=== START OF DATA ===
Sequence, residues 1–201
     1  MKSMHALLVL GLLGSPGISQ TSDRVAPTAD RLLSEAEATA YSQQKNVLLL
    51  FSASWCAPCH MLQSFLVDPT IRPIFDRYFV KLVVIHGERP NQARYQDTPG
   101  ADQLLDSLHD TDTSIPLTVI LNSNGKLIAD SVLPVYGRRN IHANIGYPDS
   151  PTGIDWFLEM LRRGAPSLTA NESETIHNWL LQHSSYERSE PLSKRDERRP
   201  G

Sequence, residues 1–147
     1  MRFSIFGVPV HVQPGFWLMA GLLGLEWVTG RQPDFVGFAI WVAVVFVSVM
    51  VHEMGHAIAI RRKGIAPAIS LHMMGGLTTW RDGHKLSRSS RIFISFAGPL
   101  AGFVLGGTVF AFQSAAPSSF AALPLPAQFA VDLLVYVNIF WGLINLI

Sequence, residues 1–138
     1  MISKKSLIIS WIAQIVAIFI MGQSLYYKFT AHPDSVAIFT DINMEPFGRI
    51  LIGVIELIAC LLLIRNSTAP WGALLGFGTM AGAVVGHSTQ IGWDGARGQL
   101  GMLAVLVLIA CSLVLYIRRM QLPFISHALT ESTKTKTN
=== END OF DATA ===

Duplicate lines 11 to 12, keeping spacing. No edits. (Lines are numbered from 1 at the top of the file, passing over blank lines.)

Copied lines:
Sequence, residues 1–138
     1  MISKKSLIIS WIAQIVAIFI MGQSLYYKFT AHPDSVAIFT DINMEPFGRI